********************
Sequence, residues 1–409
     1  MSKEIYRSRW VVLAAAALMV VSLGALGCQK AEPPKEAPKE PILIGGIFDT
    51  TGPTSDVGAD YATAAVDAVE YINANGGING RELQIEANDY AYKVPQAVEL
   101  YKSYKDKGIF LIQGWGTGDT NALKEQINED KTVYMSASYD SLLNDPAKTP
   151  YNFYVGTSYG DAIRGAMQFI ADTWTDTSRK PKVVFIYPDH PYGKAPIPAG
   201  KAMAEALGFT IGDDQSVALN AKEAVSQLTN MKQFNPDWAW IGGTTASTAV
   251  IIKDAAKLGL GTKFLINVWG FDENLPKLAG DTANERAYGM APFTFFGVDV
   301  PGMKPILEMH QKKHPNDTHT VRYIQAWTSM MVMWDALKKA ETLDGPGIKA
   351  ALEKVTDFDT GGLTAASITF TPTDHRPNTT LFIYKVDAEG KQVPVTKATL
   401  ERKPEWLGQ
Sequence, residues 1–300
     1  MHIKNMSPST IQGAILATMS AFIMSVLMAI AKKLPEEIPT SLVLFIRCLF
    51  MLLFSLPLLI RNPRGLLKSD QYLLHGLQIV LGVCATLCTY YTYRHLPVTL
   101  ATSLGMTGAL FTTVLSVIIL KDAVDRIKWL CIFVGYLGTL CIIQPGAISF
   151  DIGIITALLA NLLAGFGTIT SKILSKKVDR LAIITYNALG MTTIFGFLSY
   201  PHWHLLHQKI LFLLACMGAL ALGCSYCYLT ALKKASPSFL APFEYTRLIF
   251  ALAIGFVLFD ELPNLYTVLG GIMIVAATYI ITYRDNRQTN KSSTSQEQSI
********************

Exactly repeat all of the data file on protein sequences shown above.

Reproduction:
Sequence, residues 1–409
     1  MSKEIYRSRW VVLAAAALMV VSLGALGCQK AEPPKEAPKE PILIGGIFDT
    51  TGPTSDVGAD YATAAVDAVE YINANGGING RELQIEANDY AYKVPQAVEL
   101  YKSYKDKGIF LIQGWGTGDT NALKEQINED KTVYMSASYD SLLNDPAKTP
   151  YNFYVGTSYG DAIRGAMQFI ADTWTDTSRK PKVVFIYPDH PYGKAPIPAG
   201  KAMAEALGFT IGDDQSVALN AKEAVSQLTN MKQFNPDWAW IGGTTASTAV
   251  IIKDAAKLGL GTKFLINVWG FDENLPKLAG DTANERAYGM APFTFFGVDV
   301  PGMKPILEMH QKKHPNDTHT VRYIQAWTSM MVMWDALKKA ETLDGPGIKA
   351  ALEKVTDFDT GGLTAASITF TPTDHRPNTT LFIYKVDAEG KQVPVTKATL
   401  ERKPEWLGQ
Sequence, residues 1–300
     1  MHIKNMSPST IQGAILATMS AFIMSVLMAI AKKLPEEIPT SLVLFIRCLF
    51  MLLFSLPLLI RNPRGLLKSD QYLLHGLQIV LGVCATLCTY YTYRHLPVTL
   101  ATSLGMTGAL FTTVLSVIIL KDAVDRIKWL CIFVGYLGTL CIIQPGAISF
   151  DIGIITALLA NLLAGFGTIT SKILSKKVDR LAIITYNALG MTTIFGFLSY
   201  PHWHLLHQKI LFLLACMGAL ALGCSYCYLT ALKKASPSFL APFEYTRLIF
   251  ALAIGFVLFD ELPNLYTVLG GIMIVAATYI ITYRDNRQTN KSSTSQEQSI